Sunday September 16, 2012
Of jealousy and ambition
Review by SHARIL DEWA
These threads overshadow the tumultous Arab-Israeli conflict, which is relegated to a backdrop in this novel.
Second Person Singular
Author: Sayed Kashua
Publisher: Grove Press, 346 pages
IN SAYED Kashua’s 2002 debut, Dancing Arabs, the author tackled the tensions between Jews and Arabs in the Middle East. The novel’s nameless protagonist is a spawn of the two conflicting cultures who faces problems as he is seen to be supporting one side more than the other.
His 2004 follow-up, Let It Be Morning, sees a young journalist wanting to lead a quieter life with his new wife and baby in his parents’ hometown – an Arab village in Israel. Not long after his arrival, the village becomes a pawn in the power struggles in the Middle East.
In his third offering, Second Person Singular, Kashua returns to the theme of conflict, this time between two Arabs living in Israel. Unlike his first two books, this one sees him experimenting with multiple plot lines and presenting two protagonists who alternatively tell their respective stories in the seven parts that make up the novel.
The first plot line, told from a third-person perspective, follows the life of an Israeli of Arab descent who is referred to throughout the novel as just “the lawyer” – a socially and economically competitive man who holds dinners at his house with other Israeli Arabs who, he feels, match his level of distinction.
The lawyer feels he must show the Jewish Israelis that he has succeeded, and he does this by driving a Mercedes and living in a very exclusive area of Jerusalem.
While buying a second-hand copy of Tolstoy’s The Kreutzer Story, he finds within its pages a love note written in his wife’s handwriting, but it’s not for him. This enrages the lawyer, enough for him to want to kill her, initially, before thoughts of divorce enter his head.
The book in which the lawyer finds the note originally belonged to a man named Yonatan. On this basis, he becomes paranoid about finding out who Yonatan is, and whether his wife was indeed having an affair.
The second plot line, told as a first-person narrative, centres on Amir, an Arab Israeli social worker who takes a second job caring for a Jewish man named Yonatan, who is in a vegetative state. His story starts six years before the lawyer’s.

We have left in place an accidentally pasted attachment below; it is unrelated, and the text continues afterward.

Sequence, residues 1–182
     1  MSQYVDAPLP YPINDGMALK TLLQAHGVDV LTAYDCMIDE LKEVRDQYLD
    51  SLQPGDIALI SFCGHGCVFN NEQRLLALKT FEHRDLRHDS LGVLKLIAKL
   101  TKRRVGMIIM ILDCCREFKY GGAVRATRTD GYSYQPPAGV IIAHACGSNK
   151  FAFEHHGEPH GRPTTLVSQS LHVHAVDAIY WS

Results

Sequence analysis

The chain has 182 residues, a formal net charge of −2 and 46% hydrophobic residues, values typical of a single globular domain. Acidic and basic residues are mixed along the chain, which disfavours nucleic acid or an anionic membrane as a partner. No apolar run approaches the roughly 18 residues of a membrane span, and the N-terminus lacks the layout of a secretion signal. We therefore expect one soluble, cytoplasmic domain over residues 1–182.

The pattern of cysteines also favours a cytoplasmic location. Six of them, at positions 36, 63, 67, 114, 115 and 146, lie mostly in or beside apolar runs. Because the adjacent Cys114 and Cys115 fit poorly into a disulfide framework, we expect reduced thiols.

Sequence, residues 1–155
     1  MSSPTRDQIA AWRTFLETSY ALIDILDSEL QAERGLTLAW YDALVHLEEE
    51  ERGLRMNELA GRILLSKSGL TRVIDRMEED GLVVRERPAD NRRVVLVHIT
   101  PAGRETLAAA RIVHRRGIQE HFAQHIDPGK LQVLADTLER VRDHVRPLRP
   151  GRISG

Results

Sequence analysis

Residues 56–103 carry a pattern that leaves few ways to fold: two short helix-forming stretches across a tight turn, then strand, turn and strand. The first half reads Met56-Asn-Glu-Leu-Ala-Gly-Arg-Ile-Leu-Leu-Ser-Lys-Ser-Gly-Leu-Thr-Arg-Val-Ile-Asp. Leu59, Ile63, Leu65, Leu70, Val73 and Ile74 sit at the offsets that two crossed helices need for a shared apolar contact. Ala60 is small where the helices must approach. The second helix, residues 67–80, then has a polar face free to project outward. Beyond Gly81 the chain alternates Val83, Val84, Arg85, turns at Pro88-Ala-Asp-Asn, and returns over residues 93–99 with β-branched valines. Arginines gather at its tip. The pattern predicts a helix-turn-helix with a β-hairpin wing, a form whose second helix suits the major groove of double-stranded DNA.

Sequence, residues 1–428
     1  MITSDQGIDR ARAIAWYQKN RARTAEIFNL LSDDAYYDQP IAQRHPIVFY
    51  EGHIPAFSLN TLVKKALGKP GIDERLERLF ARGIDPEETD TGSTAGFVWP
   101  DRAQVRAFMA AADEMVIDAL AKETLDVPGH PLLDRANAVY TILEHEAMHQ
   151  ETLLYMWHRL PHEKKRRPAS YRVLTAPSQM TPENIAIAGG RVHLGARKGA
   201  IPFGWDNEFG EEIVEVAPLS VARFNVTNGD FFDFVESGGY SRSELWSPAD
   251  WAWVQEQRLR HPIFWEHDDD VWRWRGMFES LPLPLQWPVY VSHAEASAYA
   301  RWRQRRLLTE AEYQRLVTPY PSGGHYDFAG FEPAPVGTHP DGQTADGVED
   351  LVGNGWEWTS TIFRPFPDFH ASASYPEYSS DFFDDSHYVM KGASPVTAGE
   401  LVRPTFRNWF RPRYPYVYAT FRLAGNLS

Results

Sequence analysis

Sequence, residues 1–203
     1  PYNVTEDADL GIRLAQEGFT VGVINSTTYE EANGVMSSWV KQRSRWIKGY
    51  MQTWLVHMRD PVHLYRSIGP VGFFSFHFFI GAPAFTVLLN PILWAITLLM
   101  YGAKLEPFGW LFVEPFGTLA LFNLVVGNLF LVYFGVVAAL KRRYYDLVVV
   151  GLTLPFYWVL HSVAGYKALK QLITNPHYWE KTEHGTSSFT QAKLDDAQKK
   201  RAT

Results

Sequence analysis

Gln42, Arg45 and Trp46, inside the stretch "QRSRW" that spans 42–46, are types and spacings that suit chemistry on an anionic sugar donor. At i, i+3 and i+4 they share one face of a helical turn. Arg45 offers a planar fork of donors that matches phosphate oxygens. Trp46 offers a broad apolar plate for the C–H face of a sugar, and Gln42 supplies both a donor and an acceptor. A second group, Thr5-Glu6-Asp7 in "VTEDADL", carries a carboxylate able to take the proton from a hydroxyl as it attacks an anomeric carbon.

In the beginning, Amir is employed as a social worker during the day and looks after Yonatan during the night. It is during this time spent with Yonatan that Amir starts to read and listen to his books and music. Eventually Amir starts to take over Yonatan’s identity, enrolling as Yonatan in one of the highly acclaimed univerisities in Jerusalem.
Predictably, the two plot lines converge towards the end of the novel. But Kashua does not make it easy for his readers, as the lawyer is not the friendliest of protagonists, and Amir posing as Yonatan is not easily likeable either.
As Second Person Singular is written from two different perspectives, the tenses alternate between the lead characters. This, together with the fact that the lawyer is only referred to by his profession, may be a tad annoying to some, as this hinders the flow of the novel.
I believe Kashua deliberately chose not to name the lawyer as he does not want to evoke any sympathy for him. Amir/Yonatan, on the other hand, comes across as more humble, thus making him seem like the nicer of the two.
Kashua does not devote equal time to both these characters. He presents the lawyer’s parts in a succinct manner, but elaborates on Amir’s story. Truth be told, I think the novel could have been better paced if Amir’s parts had been more concise.
While the novel has its editorial flaws, what is interesting about Second Person Singular is that it tells a great deal about Arab citizens living in Israel, and how they strive to aim high professionally. Most, if not all, of Israeli Arabs tend to be doctors, lawyers or accountants.
Following Kashua’s train of thought, once these Arabs attain Israeli citizenship after attending university, they do not return to their villages, where there are no employment opportunities. But in Jerusalem there is acceptance and a chance to make a decent living.
This novel also touches on the decades-old Arab-Israeli conflict, the cultural differences between secular Arabs and Israelis, and the daily political realities for those living in or near Jerusalem and the West Bank.
But these issues are not as well presented as in Dancing Arabs, where the conflicts of the day are more graphic and in-depth. In this book, the clashes between the Arabs and Israelis, which have created deep-rooted resentment between both cultures, are relegated to background scenario.
Readers who have an interest in the Arab-Israeli conflict should stay away from Second Person Singular, essentially a novel about a jealous husband and a guy who decides he needs to be an Israeli to get ahead in life. It is best read as an experimental work with the author playing with tenses, characters and a plot that could have been better fleshed out.
Let’s hope Kashua’s next offering will restore him to the glory of his first two novels.